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This article is written by a student writer from the Her Campus at UWindsor chapter.


This article may be triggering and includes mentions of genocide and other sensitive subject matter. If you need emotional assistance, the National Indian Residential School Crisis Hotline can be reached at 1-866-925-4419.


On June 23rd, we received more news about unmarked graves found at a residential school in Saskatchewan.  Coupled with the other grave sites found at Kamloops, B.C., this just goes to show how much death and crime has been covered up. Innocent kids who lost their futures at the hands of these “schools” taint Canada’s past and present. As time goes on, who knows what more will be discovered because one thing is for sure – there is more death and destruction that is affiliated with these “schools.”  Despite these atrocities, little effort has been made to help Indigenous communities. For instance, the Truth and Reconciliation Commission of Canada posed various calls to action ranging from sectors, such as child welfare, to language and culture, health, and various other areas. However, a lot of these calls remain unaddressed – despite it being 6 years since the TRC posed these demands. 


Additionally, anti-Muslim hate is also on the rise. Women in parts of Edmonton are afraid to wear their Hijabs, and the Muslim family murdered in London all conveys a very specific message – Canada is not a very accepting society. You can look up any YouTube video talking about Islamophobia, and you will see a ton of comments from anonymous White supremacists claiming there isn’t any anti-Muslim hate in Canada. Not only are we not accepting of other religions, but we are also not as accepting of other sexualities. In Toronto, a man was beaten and had homophobic slurs hurled at him during pride month.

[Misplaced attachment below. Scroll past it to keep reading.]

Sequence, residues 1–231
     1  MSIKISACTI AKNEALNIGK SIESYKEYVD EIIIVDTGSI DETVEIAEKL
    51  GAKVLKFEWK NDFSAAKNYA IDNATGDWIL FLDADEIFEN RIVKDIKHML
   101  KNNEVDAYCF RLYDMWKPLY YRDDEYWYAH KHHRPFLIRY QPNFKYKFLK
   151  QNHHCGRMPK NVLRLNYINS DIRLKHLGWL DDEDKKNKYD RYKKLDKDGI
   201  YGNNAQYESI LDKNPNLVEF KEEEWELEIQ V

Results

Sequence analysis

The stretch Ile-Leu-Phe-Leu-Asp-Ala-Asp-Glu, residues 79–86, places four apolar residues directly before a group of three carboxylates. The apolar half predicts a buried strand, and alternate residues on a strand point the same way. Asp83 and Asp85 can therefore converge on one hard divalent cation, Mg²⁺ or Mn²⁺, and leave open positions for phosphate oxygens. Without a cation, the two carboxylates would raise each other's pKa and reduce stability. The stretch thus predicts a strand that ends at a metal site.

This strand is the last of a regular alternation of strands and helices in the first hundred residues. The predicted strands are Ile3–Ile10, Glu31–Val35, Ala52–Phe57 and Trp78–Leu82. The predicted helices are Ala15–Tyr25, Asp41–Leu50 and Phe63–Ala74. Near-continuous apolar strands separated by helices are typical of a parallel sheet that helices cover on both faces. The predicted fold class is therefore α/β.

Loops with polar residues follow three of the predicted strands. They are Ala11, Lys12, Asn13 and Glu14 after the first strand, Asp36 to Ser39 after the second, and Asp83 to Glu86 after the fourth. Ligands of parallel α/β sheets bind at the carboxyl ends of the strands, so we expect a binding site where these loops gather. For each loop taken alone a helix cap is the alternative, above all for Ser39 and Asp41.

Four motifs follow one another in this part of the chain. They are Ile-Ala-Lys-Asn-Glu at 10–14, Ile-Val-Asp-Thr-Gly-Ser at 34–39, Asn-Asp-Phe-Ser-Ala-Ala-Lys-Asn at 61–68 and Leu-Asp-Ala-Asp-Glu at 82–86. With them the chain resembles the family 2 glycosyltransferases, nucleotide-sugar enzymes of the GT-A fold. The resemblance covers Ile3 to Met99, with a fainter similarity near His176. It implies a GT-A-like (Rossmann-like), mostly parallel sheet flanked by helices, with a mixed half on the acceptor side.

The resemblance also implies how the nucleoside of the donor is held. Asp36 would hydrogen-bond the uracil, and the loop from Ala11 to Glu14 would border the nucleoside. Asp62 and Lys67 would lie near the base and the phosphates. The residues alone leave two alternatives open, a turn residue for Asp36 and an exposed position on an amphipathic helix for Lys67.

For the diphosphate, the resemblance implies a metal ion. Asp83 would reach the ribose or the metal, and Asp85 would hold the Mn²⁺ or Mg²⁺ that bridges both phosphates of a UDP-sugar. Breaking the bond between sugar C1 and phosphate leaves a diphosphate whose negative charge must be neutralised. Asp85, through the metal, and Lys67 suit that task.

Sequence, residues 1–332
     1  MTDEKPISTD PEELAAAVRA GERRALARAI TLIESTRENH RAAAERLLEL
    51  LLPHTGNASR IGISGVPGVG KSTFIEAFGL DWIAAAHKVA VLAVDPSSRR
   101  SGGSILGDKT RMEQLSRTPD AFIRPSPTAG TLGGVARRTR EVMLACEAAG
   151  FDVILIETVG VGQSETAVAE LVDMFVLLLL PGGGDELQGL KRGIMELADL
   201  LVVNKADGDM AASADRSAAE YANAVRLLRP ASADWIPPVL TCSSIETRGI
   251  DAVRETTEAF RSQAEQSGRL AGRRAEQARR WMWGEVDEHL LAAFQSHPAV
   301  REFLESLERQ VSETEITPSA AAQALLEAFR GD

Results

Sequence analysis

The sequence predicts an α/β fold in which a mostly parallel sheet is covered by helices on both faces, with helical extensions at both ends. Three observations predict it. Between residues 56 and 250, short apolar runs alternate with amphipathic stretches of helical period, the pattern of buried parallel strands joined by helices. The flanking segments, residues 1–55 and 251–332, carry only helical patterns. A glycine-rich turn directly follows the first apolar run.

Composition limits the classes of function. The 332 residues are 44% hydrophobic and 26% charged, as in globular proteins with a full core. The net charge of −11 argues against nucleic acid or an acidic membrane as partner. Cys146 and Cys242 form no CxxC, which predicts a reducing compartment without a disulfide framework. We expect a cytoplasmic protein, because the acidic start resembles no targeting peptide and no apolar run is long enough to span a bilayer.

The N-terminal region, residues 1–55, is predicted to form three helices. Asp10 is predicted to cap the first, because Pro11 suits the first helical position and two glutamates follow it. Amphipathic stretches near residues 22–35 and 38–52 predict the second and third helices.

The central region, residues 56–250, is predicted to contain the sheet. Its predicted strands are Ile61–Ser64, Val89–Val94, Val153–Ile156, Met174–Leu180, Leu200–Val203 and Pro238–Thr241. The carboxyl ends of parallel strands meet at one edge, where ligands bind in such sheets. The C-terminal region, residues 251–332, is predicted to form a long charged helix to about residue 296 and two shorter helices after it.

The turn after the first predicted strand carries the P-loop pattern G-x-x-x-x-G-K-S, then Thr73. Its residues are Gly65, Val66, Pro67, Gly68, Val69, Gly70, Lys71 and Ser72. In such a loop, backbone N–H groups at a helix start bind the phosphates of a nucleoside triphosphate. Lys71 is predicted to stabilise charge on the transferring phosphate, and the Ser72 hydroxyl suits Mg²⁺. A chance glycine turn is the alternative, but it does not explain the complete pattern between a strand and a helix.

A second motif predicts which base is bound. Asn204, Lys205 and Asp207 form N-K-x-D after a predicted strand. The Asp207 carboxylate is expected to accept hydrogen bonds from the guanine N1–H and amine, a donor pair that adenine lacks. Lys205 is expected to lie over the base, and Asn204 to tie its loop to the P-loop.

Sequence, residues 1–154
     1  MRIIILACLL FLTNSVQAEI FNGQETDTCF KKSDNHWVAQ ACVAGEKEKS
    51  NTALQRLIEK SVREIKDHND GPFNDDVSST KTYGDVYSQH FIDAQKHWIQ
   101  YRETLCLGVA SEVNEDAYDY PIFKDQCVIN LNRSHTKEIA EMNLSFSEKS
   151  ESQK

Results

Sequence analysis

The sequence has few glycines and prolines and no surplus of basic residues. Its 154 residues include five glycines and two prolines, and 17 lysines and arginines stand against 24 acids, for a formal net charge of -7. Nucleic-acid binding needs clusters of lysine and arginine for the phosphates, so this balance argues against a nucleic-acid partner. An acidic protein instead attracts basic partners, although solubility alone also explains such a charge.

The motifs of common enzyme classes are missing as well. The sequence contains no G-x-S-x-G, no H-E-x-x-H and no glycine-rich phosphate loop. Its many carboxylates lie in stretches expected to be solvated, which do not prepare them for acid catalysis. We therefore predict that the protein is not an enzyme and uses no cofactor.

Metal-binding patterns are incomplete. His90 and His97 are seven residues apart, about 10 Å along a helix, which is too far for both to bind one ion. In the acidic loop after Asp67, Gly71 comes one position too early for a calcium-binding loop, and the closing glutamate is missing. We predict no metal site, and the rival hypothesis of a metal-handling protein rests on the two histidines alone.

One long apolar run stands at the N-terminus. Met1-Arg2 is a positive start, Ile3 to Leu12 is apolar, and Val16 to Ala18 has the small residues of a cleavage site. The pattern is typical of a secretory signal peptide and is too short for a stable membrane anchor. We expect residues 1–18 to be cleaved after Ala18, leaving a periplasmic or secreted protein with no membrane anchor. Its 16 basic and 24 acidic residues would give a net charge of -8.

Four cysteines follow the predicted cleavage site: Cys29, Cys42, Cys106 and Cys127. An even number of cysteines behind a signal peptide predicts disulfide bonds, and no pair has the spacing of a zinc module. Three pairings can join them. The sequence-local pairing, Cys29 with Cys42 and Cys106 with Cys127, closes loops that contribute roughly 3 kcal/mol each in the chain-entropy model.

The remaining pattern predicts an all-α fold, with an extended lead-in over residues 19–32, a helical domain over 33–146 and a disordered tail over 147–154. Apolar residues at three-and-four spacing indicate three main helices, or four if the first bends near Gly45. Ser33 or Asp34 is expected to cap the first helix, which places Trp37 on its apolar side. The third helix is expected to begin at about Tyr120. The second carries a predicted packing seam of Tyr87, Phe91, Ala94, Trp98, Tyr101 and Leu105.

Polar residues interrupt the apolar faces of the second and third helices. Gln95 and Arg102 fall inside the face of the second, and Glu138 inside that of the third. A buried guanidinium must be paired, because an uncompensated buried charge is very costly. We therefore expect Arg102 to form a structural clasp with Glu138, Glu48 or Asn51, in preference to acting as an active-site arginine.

These types of crimes are all getting more exposure now than in the past due to various protests, using our social media platforms, and petitions; however, these instances have always been part of the Canadian experience for minorities. As such, with such hateful and unwelcome sentiment, why should we celebrate Canada Day? The loss of more than 1,000 children to these residential “schools” should be a nationwide call to mourn, rather than celebrate on Canada Day. Not only is this insensitive, but we need to read the room before showing off our patriotic gear and mimosas. The government needs to meet demands, enforce everlasting change, and start paying for the harm they have caused Indigenous communities. We must do more and not turn a blind eye to injustice and the loss of life.